Every couple of years, there is a new generation of processors. Bigger, faster hard drives. Amazing super high-definition monitors and speaker systems to knock your socks off. Just when you think your socks have been knocked as far off as socks can go, there’s another “fix” and your super fast computer is a slow-poke compared to the latest and greatest. I should know. I’m using one of them.
Meanwhile, the highway of information devolved into a chat room with ranting … and a universal shopping mall. The Internet is a world.
I played bridge in real-time with a partner who lived on an island off the Pacific coast. Computers aren’t only computers, either. We have them everywhere. They are part of our cameras, our bed, our toaster oven. Our television. The car. Smartphones. GPS units. Kindles and tablets. The little computers probably make “things” run better, but when they stop working? They are exorbitantly expensive to fix.
Sometimes, you can’t get in or out of your car because everything is locked tight. That little computer blew again.
ABOUT THE CLOUD
Same old Internet, but “cloud” is the “new” word for stuff stored on external servers.
We’re going back to where we began, to using stripped down computers with no hard drives. Instead, everything is stored on someone else’s computer — out there. In the “cloud.” Our data might be anywhere. We have no way of knowing where it lives. Am I the only one who finds this unnerving?
I can see advantages. When you eliminate memory sucking operating systems and cumbersome installed applications, your computer will run faster. Start-up is instant. You don’t have to maintain and upgrade expensive applications and volumes of data. You don’t need ever bigger hard drives, more memory, and video RAM. You wind up with faster computers that are less expensive and easier to maintain. It’s a win-win, right? Or is it?
SO — YOU HAVE FAITH IN YOUR INTERNET SERVICE PROVIDER?
If your cable company has a bad day or the servers on which you store your critical data go down — even for a short while — you have nothing. As long as everything works like it’s supposed to, it’s hunky dory, but Murphy hasn’t left the building yet.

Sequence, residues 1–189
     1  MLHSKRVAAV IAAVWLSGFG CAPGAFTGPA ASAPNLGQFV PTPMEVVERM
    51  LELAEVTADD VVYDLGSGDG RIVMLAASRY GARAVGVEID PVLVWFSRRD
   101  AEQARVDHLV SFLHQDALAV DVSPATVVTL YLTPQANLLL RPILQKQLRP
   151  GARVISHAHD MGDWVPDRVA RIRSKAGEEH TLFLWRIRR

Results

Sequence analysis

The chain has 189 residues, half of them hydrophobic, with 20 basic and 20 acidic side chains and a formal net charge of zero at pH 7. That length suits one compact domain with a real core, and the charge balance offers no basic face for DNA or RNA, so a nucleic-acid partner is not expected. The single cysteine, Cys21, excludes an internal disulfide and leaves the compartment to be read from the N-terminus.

WHAT CAN GO WRONG, STILL GOES WRONG
Maybe it’s my age showing, but I would prefer to have data on hard drives that I control. That I own.
The idea of entrusting everything — from my photographs to the manuscript of my book — to an unknown server somewhere in the world scares me. What if the building in which the server storing my stuff burns down? Gets hit by a terrorist attack? Taken down by hackers? You have no way of knowing what country your data is in, how stable its government is, or how good an infrastructure it maintains. You financial data could be in Pakistan, Indonesia, or Kuala Lampur. Or next door.
Is there a compromise possible? Because when I think about entrusting everything to a cloud, I twitch. How many times have you been unable to access a web page because servers are out? What if you need a critical piece of data from a server when it’s offline?
My bank was hacked. BOA had to send me a new bank card. Land’s End and Adobe have been hacked. More than once. I’ve had to redo several accounts because they’d been compromised. Lots of other places over the years, places that were supposedly “unhackable” have gone down.
I know I am hackable. Luckily, I don’t have anything worth hacking.
If your ISP is down, you’re out of business. If you think your cable company has you by the throat now, how much worse will it be if everything you need to run your life and business is dependent on their services? If that doesn’t give you the cold sweats, nothing will. If you put too many eggs in the basket and the basket falls — and it will — eggs break. In which case you don’t have an omelet, just a sloppy mess of busted eggs and slimy shells.
You can’t totally avoid the cloud these days. I keep my audiobooks and eBooks on Amazon, and my email on Gmail because there’s no way on earth I could store all of that, even on this big computer. But my personal stuff? Pictures, documents, and other important material? It lives here, at home. On personal, external hard drives.
I learned the hard way to perform regular backups. I don’t do them as often as I should, but I do them regularly. If you don’t, think about it. It’s a little late when you’ve already lost all your stuff.